Ducret - who worked on the camera shutter for the first lunar landing, to mention just one diversion - has a total of 14 patents. And there are "more to come" to continue broadening the company line.

A domestic patent, which takes an average of 22 months to get from filing to acceptance, costs about $1,000 on up, Ladd said. The filing fee itself is normally only $170, but there are other government fees as well as tremendous research and often the need for patent attorneys, which can make the process expensive. Then there are additional fees in each country where an item is patented, something Ladd usually does to ensure no foreign copies come on the market.

Ladd's most recent invention, the $25 Luminique Powder Pen, contains a disposable cartridge that applies face powder that is loose rather than laden with the oils normally needed for adherence to a compact. Based on consumer interviews, Ladd said he believes the product will be widely accepted and eventually take some share of the market away from the now more popular pressed powder lines.

Another prolific inventor, Murray Schiffman of Westport, has, like Ducret, been fiddling ever since childhood. His first offering was a flywheel, primitively crafted from cork, toothpicks and flies, to maintain its own momentum when floated in water.

"It would go around and around," said Schiffman, president an co-founder of the lnventor's Association of New England at age 8, Schiffman put together a contraption to muffle the ticking of his alarm clock, which was disrupting his sleep. In 1950, he got his first patent for a wire garment hanger that not only held pants securely, but also prevented creasing. His next patent was for the more elaborate Directomat, once used in the New York subways to help people plot their routes until vandalism got the better of it.

"Now I'm working on a new kind of tape recorder, but I can't talk about it," Schiffman said. With inventions, secrecy is the name of the game to prevent idea theft. "That's one of the worst things in this business," Schiffman said, recalling a time when his patent attorney discovered a customer lifted his patented concept and come out with a slight variation on the theme - for which he then got a patent. Taking action through the Patent Office for the rights to the high resolution digital shaft position and coder instrument, Schiffman was able to take over the competitors claims of origination.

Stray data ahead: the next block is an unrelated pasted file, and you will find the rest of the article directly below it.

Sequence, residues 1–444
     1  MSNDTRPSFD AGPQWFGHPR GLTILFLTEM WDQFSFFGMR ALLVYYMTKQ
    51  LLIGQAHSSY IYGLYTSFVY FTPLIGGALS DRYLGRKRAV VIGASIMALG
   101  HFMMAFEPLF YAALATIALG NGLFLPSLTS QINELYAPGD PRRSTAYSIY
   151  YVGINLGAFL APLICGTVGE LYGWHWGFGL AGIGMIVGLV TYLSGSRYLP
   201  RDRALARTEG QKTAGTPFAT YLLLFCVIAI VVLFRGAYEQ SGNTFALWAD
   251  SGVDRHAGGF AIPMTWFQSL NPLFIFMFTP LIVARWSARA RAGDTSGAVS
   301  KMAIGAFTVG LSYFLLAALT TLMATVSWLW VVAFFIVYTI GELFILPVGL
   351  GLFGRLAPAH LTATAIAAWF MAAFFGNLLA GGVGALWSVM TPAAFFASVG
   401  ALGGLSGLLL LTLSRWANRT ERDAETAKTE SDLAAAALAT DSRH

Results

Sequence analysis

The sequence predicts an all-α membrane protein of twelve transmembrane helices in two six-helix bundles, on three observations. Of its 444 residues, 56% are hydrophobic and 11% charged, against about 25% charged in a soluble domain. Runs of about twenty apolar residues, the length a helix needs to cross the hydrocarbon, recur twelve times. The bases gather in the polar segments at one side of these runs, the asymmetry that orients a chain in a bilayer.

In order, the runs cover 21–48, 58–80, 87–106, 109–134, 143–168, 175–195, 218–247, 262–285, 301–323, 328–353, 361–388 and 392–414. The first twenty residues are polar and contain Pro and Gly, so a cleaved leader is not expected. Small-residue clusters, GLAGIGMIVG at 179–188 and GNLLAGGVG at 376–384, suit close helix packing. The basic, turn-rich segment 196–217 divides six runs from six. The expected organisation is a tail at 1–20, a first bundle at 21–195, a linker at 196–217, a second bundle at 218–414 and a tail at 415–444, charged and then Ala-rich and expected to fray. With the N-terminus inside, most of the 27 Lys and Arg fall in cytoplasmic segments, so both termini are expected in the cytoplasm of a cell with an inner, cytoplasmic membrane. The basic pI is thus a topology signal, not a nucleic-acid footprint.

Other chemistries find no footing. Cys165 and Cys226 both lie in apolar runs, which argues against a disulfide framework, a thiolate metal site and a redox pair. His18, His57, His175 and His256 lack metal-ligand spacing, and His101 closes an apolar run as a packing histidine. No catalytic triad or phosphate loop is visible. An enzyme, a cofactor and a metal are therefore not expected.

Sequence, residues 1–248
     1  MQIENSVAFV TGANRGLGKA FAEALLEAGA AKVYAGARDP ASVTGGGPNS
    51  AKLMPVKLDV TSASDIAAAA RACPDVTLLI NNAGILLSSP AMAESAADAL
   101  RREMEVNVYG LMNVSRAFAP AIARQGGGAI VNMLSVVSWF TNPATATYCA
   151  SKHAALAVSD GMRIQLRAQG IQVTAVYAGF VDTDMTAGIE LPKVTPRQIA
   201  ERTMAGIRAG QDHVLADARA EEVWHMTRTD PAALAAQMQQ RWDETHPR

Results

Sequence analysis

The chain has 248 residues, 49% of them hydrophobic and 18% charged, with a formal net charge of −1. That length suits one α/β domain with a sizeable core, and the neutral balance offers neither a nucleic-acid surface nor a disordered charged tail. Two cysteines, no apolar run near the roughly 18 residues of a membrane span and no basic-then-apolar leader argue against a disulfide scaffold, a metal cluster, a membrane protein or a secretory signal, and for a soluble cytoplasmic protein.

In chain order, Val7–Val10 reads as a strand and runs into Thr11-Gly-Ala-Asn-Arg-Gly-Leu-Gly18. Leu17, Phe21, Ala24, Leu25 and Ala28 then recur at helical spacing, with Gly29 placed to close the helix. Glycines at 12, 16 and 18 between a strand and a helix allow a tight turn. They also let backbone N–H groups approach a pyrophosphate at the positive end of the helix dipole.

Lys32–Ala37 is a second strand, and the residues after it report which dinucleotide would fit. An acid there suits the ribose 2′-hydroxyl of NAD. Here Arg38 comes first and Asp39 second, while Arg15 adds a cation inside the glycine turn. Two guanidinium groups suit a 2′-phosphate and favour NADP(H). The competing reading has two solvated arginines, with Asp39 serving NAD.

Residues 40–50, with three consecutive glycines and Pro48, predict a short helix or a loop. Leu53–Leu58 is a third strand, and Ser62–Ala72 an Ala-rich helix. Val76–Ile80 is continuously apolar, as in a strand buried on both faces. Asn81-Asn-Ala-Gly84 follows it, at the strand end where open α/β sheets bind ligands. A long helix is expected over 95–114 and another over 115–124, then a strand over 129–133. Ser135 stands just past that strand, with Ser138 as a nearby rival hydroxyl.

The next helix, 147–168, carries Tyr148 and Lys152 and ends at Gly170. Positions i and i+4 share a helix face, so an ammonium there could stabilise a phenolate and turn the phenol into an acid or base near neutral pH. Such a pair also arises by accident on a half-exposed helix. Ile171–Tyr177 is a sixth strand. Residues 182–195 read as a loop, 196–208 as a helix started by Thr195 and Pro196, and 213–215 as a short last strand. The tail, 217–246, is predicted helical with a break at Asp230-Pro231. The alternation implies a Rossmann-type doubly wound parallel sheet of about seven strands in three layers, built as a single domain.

Chemist John Carroll is another local inventor of sorts, more "applications oriented," whose job at Novo Labs in Wilton requires constantly churning out of new ideas. He's not the mad scientist variety, though. "I tend to invent little things, all the time, but I'm not a full-fledged inventor spending dark nights under light bulbs" he explained.

Inventions don't always make it in the market, as both Schiffman and Ducret can attest. "I made a couple of mistakes, like everybody else," Ducret said, describing a "big monster" of a machine he invented years back for measuring and cutting cable, something that never achieved much success despite constant downsizing and other revisions. "I decided this was crazy," he said laughing now. "The challenge was great - I enjoy doing it as an engineer, but it wasn't a moneymaking proposition."

For the small inventor not endowed with company backing, it can be a tough way to make to make a living, said Schiffman. "It's very difficult to be a really successful inventor in terms of money," he said. Schiffman developed the idea for the variable speech control device in cooperation with the Cambridge Research and Development Group in Wesport. "We spent a quarter of a million dollars for the basic patent umbrella and then quite a bit each year to maintain it," he explained.

The Swing Saw, that Ducret has patented in the U.S., Japan, and Common Market countries won an award at the International Exhibition in 1984, but has yet to reach the promising market Ducret anticipates. "It's a long time and it costs a lot of money," Ducret said, "It cost about $60,000 or $70,000 just to tool up."

"Certainly a large percentage of patents don't pay their way," added a patent attorney who recently retired from a major local corporation. "A smaller percentage of patents more or less break even. An even smaller percentage make real money."